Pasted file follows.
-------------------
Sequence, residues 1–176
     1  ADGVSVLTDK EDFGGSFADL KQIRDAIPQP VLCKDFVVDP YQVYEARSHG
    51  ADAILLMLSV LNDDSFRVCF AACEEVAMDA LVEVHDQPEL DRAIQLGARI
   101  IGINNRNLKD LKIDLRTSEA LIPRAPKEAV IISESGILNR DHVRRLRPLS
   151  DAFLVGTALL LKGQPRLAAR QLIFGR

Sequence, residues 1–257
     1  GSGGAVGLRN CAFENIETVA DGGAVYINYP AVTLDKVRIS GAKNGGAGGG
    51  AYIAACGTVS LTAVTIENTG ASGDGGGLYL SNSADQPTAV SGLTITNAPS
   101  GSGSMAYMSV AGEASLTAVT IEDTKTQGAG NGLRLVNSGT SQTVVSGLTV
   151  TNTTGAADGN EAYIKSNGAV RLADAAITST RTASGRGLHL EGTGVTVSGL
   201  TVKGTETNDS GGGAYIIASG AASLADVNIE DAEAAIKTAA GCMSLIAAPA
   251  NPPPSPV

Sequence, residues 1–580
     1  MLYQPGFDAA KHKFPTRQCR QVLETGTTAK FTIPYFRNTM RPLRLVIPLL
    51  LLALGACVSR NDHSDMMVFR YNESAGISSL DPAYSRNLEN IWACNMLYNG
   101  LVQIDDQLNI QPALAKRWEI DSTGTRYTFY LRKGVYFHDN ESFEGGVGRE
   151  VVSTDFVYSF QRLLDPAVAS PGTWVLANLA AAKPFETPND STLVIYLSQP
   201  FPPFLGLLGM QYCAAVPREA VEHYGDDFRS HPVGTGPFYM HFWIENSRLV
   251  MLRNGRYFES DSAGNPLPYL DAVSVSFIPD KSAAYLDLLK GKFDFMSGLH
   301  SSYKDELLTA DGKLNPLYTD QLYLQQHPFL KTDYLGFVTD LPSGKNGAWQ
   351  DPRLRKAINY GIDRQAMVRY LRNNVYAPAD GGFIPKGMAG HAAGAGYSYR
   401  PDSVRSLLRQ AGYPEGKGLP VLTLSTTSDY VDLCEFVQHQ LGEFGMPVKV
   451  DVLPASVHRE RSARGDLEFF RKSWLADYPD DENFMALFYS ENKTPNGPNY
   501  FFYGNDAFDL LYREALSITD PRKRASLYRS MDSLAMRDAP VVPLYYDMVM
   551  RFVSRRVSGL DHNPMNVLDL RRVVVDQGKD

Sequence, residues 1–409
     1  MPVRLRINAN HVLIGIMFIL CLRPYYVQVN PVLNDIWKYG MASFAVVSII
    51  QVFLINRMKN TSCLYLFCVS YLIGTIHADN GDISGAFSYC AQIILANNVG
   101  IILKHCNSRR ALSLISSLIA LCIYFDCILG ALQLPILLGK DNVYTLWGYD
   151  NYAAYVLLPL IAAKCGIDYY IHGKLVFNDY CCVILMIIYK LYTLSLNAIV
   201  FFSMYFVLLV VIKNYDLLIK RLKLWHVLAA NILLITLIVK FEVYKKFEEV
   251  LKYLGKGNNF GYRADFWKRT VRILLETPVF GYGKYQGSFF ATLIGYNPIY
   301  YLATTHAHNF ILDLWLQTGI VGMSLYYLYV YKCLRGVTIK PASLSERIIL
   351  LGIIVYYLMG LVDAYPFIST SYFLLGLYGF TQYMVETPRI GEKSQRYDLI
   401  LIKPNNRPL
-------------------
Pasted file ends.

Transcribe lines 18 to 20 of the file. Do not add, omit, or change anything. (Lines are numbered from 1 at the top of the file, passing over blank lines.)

   201  FPPFLGLLGM QYCAAVPREA VEHYGDDFRS HPVGTGPFYM HFWIENSRLV
   251  MLRNGRYFES DSAGNPLPYL DAVSVSFIPD KSAAYLDLLK GKFDFMSGLH
   301  SSYKDELLTA DGKLNPLYTD QLYLQQHPFL KTDYLGFVTD LPSGKNGAWQ